Vet hopes animal rescue work in India will inspire others to treat creatures kindly
Dr. Cliff Redford provided care to cats, dogs, an elephant, a bat and a Rhesus monkey
An Ontario veterinarian is hoping his recent animal rescue work in India, which involved providing care to cats, dogs, a circus elephant, a giant fruit bat and a Rhesus monkey, will inspire others to be kinder to animals here at home.
Dr. Cliff Redford, owner of Wellington Veterinary Hospital in Markham, has just returned from an 11-day trip volunteering in Hyderabad, India. He says the veterinary work he did was paid for by his clinic in Canada, and a way to combine with passion for veterinary work with his love of adventure travel.
"I kind of want to inspire people to understand veterinarians do, to maybe volunteer their own services for something else, get out and see the world, get away from the resorts, and meet people who speak a different language, and also be kind to animals," Redford said.
"We share this world with them and we need to do what we can to help them out."
All of his work was filmed and will be packaged as episodes as part of his YouTube channel, Dr. Cliff Worldwide Vet. Episodes will be released every seven to 12 days for next three to four months.
In India, Redford worked with local vets, clinics and shelters. He said he found that people in Hyderabad care deeply about stray animals. But dogs, even pets, are generally not allowed in the house, he said.
"Although there are some poverty issues and serious economic and infrastructure issues, they actually treat their stray animals like family, just family that happens to live out on the streets. The neighbours come together and feed them. They have different names for them. The dogs wag their tails when they see them," he said.
"They actually put their funds together and help them find veterinary treatment," he added.
"In India, they revere animals. They have a spiritual connection with them, not only with cows, but monkeys and dogs and elephants. So it was quite an amazing spiritual kind of connection that they have that they taught me."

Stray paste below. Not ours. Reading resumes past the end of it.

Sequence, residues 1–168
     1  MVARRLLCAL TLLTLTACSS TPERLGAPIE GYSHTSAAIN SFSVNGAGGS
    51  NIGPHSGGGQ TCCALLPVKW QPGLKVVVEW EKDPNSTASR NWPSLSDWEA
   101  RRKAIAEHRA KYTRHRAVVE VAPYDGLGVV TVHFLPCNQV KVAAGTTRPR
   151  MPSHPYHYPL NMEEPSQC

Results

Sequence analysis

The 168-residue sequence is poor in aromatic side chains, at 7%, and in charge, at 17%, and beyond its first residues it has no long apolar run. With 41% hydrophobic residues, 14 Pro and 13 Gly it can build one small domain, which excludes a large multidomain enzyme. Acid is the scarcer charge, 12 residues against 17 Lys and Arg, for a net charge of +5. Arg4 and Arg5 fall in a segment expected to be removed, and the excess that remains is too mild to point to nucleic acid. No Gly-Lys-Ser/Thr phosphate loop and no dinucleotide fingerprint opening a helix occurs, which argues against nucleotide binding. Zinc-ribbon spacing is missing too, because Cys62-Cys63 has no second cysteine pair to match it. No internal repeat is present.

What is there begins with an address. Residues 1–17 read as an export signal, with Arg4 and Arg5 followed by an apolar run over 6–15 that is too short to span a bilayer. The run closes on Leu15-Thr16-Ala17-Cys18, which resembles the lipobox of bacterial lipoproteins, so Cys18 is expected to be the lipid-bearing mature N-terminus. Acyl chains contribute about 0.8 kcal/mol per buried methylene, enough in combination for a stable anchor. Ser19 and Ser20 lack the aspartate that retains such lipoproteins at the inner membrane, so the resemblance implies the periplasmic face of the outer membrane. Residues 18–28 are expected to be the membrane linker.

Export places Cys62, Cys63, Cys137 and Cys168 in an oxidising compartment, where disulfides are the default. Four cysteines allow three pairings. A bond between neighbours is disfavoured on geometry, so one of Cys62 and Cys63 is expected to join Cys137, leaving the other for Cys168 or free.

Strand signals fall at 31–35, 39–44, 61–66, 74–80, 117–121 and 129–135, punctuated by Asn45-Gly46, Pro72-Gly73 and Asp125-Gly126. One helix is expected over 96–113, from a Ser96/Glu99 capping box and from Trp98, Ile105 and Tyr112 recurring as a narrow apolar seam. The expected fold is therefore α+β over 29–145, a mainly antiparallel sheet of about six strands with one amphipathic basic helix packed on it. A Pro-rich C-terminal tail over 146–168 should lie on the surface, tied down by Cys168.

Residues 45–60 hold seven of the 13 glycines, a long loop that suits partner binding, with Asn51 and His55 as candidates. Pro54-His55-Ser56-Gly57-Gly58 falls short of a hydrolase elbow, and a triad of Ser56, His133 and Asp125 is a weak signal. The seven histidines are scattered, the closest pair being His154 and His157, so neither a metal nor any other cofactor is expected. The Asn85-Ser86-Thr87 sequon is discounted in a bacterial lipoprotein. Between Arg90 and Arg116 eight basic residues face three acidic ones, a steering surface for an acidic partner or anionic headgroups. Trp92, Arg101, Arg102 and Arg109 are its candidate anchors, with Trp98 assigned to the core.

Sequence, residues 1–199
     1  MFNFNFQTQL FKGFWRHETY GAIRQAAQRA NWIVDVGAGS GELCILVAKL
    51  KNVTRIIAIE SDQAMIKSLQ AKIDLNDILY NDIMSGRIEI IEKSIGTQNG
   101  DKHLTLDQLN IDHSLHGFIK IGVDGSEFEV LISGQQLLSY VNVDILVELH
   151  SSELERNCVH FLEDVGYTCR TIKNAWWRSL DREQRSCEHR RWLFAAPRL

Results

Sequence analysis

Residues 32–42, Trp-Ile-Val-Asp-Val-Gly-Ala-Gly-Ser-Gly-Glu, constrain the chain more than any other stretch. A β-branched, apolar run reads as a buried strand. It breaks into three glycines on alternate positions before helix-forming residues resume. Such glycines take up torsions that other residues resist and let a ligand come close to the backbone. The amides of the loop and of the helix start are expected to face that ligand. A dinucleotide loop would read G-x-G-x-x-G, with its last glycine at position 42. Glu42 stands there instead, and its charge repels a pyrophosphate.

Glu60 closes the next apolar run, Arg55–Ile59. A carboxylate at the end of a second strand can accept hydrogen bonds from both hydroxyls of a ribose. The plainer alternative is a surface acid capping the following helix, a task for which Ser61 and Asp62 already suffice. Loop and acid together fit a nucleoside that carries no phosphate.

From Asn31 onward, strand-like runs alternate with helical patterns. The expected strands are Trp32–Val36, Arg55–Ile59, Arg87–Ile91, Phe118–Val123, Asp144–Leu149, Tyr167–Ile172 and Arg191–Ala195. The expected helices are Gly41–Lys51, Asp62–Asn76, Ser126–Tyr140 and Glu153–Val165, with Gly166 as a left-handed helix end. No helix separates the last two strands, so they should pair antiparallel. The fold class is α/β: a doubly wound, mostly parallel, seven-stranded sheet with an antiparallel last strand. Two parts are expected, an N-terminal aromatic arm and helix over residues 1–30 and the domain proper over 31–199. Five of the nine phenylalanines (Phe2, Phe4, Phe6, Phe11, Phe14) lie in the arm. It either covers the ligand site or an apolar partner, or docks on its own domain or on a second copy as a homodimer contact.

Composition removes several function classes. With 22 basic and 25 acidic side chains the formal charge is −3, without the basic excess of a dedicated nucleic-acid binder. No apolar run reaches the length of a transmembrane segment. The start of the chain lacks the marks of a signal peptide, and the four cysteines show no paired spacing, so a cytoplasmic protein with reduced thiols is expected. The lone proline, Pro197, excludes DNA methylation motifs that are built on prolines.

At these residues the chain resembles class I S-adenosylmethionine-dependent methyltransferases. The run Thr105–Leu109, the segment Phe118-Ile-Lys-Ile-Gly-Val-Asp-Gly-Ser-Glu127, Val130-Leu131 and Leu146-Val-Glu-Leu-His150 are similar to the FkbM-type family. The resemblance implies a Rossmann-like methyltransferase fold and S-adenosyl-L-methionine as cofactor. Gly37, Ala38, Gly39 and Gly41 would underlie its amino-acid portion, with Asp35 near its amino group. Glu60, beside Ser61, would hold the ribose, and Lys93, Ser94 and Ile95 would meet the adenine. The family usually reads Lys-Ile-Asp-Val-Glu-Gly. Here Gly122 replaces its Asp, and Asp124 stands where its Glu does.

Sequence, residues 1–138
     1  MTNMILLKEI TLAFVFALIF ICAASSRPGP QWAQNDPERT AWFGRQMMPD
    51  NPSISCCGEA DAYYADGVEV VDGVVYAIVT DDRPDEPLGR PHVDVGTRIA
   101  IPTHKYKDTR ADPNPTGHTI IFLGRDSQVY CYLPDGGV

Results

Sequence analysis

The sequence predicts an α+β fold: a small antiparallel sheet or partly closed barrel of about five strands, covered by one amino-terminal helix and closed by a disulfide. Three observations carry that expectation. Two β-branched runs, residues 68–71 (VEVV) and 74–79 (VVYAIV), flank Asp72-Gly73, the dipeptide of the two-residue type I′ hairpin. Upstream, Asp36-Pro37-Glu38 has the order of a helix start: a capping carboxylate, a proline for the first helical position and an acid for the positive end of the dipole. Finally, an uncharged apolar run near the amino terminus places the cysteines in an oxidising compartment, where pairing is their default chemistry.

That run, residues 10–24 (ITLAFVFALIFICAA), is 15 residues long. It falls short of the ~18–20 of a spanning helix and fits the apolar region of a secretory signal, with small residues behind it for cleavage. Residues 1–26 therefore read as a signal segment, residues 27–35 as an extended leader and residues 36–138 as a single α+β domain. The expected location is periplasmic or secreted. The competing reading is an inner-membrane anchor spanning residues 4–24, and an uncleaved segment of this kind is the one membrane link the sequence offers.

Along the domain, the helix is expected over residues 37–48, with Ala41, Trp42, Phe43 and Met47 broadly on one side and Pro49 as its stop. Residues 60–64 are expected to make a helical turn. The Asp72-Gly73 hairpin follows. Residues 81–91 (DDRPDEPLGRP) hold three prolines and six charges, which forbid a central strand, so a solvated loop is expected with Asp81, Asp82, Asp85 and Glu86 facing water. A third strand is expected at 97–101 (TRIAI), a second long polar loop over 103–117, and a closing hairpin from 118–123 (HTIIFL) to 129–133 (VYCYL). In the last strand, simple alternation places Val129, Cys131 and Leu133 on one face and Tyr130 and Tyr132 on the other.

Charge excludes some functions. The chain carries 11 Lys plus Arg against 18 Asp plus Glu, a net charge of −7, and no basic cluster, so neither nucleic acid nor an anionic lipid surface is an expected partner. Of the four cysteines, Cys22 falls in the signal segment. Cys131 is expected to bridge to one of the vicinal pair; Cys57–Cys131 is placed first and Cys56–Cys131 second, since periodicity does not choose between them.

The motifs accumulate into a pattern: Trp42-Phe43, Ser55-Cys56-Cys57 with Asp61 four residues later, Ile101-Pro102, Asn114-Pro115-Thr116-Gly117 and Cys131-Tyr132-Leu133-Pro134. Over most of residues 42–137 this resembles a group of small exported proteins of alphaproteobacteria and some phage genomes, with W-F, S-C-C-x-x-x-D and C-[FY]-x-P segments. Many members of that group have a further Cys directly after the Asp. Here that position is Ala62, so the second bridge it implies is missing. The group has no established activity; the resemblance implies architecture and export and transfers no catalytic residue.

Challenges in India included a lack of inhalant anesthetic, which required the use of injectable drugs, and not a lot of available hand tools.
One of his patients was Clementine, a Rhesus monkey who had suffered a major laceration to her forehead that slightly damaged her skull, a broken jaw, contusions around her eye, and bad soft tissue damage to her hand. He said the monkey may have been hit by a car or had a fall from a great distance.
He and the staff at an animal shelter stabilized and fixed her broken jaw, cleaned and stitched her forehead wound, and bandaged her paw. Because she had suffered nerve damage to her paw and it was not functional, he had to amputate her arm from the elbow down.
"A bored monkey and a scared monkey is a bad monkey because they will pick," he said.
To prevent her from chewing at the surgical site, he bought a few toddler-sized outfits, with sleeves that could be tied at one end.
Clementine is doing well and she will eventually be released into the wild, he said. She won't starve because local people will feed her, he added.
Three years ago, Redford went to Jamaica, where he performed surgery on an American alligator that had been shot. He has also gone to Greece, where he treated animals burned and injured from wildfires, and to Thunder Bay, Ont., where he helped to rescue about 70 cats.
Vet services 'desperately needed' in many areas
"Veterinary services are desperately needed in a lot of under-serviced areas around the world," he said. "Any vacation time I get, I do volunteering as a vet."
Redford is an outspoken vet. Last July, for example, he locked himself in a parked car for 30 minutes to demonstrate the risk that summer heat poses to animals.
His next trip is planned for Cuba in February. After that, he hopes to go up north, possibly to the Northwest Territories or northern Quebec, most likely to a First Nations reserve.
Redford says his choice of destinations depends partly on need for veterinary services, partly on contacts he had made and partly on where he has not gone before. Each trip reminds of "how amazing" it is to be a veterinarian, he says.
"It's very easy to kind of burned out and take this career for granted," he said. "This is the best career that anyone could have."
With files from Jasmin Seputis